AI in Business: New Decision-Makers on the Rise

 (This podcast originally aired in July, 2016. Earlier this year, Dan O'Hara joined Accenture as an AI Growth and Strategy Lead)

(This podcast originally aired in July, 2016. Earlier this year, Dan O'Hara joined Accenture as an AI Growth and Strategy Lead)

According to a recent study published by Oxford University, 47 percent of American jobs could be lost to automation in the next 20 years. Artificial intelligence (AI) is here and when it comes to innovating and disrupting the workforce, robots have become an increasing part of the conversation. But it’s rare to hear experts sound off on AI moving into white-collar professions.

This week on In Process: Conversations about Business in the 21st Century, hosts Evelyn Ashley and John Monahon of Trusted Counsel revisit a previously aired podcast from July, 2016. They were joined by Dan O’Hara, (the former) Senior VP of Digital Workplace at Avanade to have a conversation about AI. O’Hara has been in the software and technology industry for more than 25 years. Dan is a thought leader on the use of AI in business—including the concept of a robo-boss—and has presented on the topic in various venues as well as experienced the phenomenon for himself during a driving stint with Uber.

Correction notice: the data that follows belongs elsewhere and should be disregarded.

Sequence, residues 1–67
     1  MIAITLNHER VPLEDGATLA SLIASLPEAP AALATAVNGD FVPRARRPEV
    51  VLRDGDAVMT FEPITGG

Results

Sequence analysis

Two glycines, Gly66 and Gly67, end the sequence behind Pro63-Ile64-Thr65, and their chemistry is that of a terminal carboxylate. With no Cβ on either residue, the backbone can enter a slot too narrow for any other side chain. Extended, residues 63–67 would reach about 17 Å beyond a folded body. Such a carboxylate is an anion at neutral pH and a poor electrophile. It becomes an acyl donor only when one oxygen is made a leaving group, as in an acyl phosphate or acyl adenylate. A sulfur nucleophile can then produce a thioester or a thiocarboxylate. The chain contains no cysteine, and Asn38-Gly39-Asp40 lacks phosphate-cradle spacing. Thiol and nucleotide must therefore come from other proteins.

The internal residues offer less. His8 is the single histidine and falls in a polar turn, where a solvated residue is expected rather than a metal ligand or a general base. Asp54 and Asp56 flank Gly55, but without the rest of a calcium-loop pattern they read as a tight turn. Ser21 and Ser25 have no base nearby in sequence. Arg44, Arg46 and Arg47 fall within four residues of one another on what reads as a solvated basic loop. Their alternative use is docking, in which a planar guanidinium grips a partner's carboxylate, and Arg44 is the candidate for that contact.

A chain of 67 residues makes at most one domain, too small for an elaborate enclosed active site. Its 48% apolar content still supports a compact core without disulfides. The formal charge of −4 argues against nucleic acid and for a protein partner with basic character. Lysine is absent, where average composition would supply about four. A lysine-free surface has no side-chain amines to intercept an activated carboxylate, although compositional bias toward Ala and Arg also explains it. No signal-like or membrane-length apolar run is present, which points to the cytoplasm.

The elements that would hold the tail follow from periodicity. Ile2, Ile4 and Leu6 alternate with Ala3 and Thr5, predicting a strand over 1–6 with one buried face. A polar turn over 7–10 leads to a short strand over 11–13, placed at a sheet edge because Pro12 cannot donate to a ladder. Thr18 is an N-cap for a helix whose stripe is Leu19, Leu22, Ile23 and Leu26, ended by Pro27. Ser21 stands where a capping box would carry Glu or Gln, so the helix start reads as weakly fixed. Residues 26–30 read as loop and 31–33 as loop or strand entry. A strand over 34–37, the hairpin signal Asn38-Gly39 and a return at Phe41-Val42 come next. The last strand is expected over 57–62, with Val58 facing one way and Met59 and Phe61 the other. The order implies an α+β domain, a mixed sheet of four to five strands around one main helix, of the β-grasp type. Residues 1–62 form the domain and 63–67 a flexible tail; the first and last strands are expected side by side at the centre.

According to Dan, “We don’t have robots that can take over right now. They can’t take over the grid and have terminators and things like that. We do have to put rules in place on how we’re going to use them, what decisions that they can make, what decisions do we want a human to make? That boundary will continually change…”

During the course of the podcast you will learn:

  • The digital workplace and its solutions
  • Artificial intelligence capabilities
  • How data and analytics lead to AI
  • Thoughts about AI for smaller organizations

Don’t miss a single episode, subscribe to our podcast show ‘In Process Podcast’ on iTunes to receive this episode as well as future episodes to your smartphone.

*Note that our guest misspoke in the podcast and the traffic death statistics were per year, not per day. For the statistic, click here.